Drawings for church furnishings, with a strong line in beefy pulpits, are also set apart in the chapter ‘For the church’. That category, like the six others already mentioned, is easily grasped. The remaining five are more conceptual but two, not large, have clear identities: one groups drawings that display alternative treatments within the same design, including a fluent little seventeenth-century Italian drawing for a carved frieze (no.042), which prices one variant against another. The other modest category is formed by drawings that play a direct practical part in execution (most such drawings were sacrificial) ranging from a simple Austrian chair back (no.131) of 1843 to highly elaborate damascened ornament from the late nineteenth-century Madrid firm of Zuluoga (no.132). 


Of the three largest chapters, each comprising some forty highly varied exhibits, ‘Drawing to sell’ has the clearest parameters, commencing with drawings from what is probably a Tyrolean glass catalogue (no.148) of c.1590–1610 and ending with others from a French tile catalogue (no.178) of c.1860–90. Proposals for a sedan chair and a carriage (nos.150 and 151), both French, on either side of 1700, a series of Augsburg designs for silver, from an ethereal representation of ten different sizes of dish (no.154) to an almost hyperreal life-size depiction of a silver-gilt cutlery set (no.157) and a sphinx armchair of the highest refinement designed by Jean-Démosthène Dugourc in c.1784 (no.163) were all primarily intended to inform and seduce. The first chapter, ‘Designing is drawing’, covers the broadest spectrum, ranging from sketches by Baldessare Franceschini, known as Il Volterrano (no.009), Filippo Juvarra (no.018) and Giovanni Battista Foggini (no.020) to a famous Daniel Marot pier glass design for the palace of Het Loo, Apeldoorn (no.015), heavily annotated for execution, and a lushly sculptural jewel casket designed in 1891 by Alexander Kips for the Berlin porcelain factory (no.039). Its gamut extends to the crisp putti- infested border of a dish by Salomon de Bray, dated 1647 (no.008), and to a crepuscular vision of à la grecque vases in a landscape, dated 1761, by Jean-Charles Delafosse (no.026). The other large chapter, ‘The ideal design’, presents drawings created as models or as demonstrations of virtuosity rather than for execution. The former motive may be represented by a magisterial ewer by Peter Flötner of c. 1530–40 (no.054; Fig.1), the latter by two almost absurdly elaborate missal covers of c.1841–48 by Frédéric-Jules Rudolphi (no.089). Inevitably doubts are possible: was a Foggini casket design (no.065; Fig.3), formerly in the Fountaine collection at Narford Hall, Norfolk, really too elaborate for manufacture? And does the existence of a seventeenth- century pietre dure plaque of a centaur (private collection) rule out that a Charles Percier design for a commode (no.087), which incorporates a similar plaque, would have been realised?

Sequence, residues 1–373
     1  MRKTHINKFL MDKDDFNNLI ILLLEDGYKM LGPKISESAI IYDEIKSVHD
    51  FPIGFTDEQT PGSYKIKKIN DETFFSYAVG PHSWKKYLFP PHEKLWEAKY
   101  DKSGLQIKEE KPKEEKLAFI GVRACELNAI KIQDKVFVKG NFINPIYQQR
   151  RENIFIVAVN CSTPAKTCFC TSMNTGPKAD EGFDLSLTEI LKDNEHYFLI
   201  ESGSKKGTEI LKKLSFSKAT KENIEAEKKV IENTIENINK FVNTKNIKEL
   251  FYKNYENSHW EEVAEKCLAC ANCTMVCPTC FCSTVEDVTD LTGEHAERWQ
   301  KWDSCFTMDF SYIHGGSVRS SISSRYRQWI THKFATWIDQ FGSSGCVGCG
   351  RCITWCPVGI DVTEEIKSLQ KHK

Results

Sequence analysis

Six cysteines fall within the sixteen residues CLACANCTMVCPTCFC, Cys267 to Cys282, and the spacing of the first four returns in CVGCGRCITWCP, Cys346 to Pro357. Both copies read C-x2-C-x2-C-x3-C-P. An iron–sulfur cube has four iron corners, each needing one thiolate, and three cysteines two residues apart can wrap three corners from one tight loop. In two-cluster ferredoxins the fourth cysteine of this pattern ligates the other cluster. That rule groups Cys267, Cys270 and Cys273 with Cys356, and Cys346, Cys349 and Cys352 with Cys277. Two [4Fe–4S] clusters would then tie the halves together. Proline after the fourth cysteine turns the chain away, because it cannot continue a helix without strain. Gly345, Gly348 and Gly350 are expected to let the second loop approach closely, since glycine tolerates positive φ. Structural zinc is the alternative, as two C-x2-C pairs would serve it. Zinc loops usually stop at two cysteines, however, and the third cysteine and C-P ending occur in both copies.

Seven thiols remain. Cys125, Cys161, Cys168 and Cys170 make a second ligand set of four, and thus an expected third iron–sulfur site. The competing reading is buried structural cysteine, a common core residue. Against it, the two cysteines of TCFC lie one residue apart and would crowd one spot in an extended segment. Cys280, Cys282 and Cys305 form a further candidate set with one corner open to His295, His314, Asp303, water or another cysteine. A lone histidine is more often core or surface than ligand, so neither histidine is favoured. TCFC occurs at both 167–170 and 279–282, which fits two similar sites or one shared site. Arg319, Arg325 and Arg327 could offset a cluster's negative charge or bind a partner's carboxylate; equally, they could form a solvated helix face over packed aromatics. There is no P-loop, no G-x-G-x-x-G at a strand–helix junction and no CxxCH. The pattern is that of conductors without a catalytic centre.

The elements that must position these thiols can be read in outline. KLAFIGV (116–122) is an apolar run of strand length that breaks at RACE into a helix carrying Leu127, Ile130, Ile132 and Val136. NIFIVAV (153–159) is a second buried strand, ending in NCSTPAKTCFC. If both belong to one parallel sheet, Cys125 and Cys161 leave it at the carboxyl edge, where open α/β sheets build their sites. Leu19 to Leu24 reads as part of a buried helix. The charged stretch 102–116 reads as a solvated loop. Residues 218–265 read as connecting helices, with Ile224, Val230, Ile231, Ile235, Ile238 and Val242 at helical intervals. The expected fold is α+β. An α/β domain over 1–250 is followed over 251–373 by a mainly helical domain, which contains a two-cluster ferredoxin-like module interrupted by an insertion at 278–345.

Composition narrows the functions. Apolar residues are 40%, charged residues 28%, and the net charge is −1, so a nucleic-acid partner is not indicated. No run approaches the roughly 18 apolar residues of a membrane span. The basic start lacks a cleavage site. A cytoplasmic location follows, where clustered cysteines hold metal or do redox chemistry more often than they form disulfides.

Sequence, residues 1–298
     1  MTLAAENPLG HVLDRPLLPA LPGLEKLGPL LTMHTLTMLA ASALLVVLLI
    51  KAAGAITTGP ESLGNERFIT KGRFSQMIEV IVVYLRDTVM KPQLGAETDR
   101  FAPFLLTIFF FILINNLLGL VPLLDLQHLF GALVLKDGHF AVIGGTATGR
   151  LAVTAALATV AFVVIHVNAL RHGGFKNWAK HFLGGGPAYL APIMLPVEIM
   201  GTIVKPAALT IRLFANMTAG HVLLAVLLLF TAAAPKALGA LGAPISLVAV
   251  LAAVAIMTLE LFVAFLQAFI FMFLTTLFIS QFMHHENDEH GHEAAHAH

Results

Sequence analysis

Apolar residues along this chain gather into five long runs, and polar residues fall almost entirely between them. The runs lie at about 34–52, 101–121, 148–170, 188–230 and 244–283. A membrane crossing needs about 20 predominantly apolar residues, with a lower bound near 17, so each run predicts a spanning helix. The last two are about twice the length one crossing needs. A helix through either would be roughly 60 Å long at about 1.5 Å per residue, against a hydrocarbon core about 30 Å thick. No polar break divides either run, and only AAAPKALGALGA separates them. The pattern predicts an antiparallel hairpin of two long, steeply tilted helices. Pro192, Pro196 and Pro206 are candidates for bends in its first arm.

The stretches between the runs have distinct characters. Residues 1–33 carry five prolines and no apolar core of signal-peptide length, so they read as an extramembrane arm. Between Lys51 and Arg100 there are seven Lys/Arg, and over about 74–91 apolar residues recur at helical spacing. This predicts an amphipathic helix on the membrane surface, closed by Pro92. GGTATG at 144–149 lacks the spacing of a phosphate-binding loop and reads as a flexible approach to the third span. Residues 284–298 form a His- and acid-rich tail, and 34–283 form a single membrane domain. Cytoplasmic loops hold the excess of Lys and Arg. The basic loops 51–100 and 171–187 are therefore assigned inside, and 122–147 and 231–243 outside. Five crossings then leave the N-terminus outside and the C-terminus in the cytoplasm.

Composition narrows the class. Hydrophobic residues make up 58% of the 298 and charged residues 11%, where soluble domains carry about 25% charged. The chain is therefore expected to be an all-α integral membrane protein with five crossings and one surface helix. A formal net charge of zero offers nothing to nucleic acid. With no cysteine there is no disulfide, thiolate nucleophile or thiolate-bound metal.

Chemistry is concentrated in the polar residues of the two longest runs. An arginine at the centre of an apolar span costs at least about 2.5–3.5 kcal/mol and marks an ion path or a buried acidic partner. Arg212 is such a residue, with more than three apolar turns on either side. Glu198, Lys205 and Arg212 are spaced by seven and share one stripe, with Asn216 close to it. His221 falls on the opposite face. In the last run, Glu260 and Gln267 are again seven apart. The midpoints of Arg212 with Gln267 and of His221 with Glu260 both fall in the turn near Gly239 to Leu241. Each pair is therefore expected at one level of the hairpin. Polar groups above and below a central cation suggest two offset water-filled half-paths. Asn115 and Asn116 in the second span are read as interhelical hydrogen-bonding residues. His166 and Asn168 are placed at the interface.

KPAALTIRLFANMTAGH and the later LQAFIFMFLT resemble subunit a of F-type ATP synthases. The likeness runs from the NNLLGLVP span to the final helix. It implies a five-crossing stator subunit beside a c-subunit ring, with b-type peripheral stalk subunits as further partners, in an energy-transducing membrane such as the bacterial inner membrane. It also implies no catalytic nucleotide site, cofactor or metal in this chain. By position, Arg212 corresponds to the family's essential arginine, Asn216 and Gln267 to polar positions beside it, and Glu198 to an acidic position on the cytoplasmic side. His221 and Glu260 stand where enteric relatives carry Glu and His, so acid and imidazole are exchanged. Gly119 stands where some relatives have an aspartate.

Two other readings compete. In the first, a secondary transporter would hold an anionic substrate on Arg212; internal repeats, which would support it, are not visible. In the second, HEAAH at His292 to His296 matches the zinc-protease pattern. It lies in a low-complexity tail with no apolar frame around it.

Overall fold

This review has attempted to give a hint of the exhilarating variety of drawings in Process. It is less easy to do justice to the acumen with which Baarsen has anatomised his exhibits, both as groups and individually. In the catalogue he interrogates each drawing with close attention to detail and sets out his observations with great clarity. In so doing he supplies a vast amount of contextual information, but what is truly groundbreaking is his concentration on functions within the design process, including such matters as patronage, production and promotion. Process is at once an education in evaluation and appreciation and a vindication of the potential of the Rijksmuseum’s freshly created collection of design drawings for the decorative arts. 


[1] R. Baarsen and E. van der Hoorn: ‘Acquisitions: drawings for objects’, The Rijksmuseum Bulletin 64 (2016), pp.156–91. 

[2] The exhibition opened at the Design Museum Den Bosch, ‘s Herzogenbosch (5th November 2022–12th February 2023) and is currently on view at the Fondation Custodia, Paris (25th February–14th May). 

[3] R.Baarsen:‘Acquisitions: European drawings for the Decorative Arts’, The Riksmuseum Bulletin 70, no.4 (2022), pp.374– 98, describes thirty drawings acquired since the selection chosen for Process

[4] P. Fuhring: Design into Art. Drawings for Architecture and Ornament: The Lodewijk Houthakker Collection, London 1989; and A. Laing et al.: Drawings for Architecture, Design and Ornament: The James A. De Rothschild Bequest at Waddesdon Manor, Waddesdon 2006. 

[5] Half of the 204 exhibits are evenly divided between Germany or Austria, whereas the other half is predominantly French and one eighth Netherlandish. Chronologically the eighteenth century is dominant, comprising a full half, followed by a quarter from the nineteenth century, while the remaining quarter is divided roughly into a third from the sixteenth century and two-thirds from the seventeenth century.

[6] A. González-Palacios et al.,eds: exh. cat. Valadier: Three Generations of Roman Goldsmiths. An Exhibition of Drawings and Works of Art, London (Artemis Fine Arts) 1991.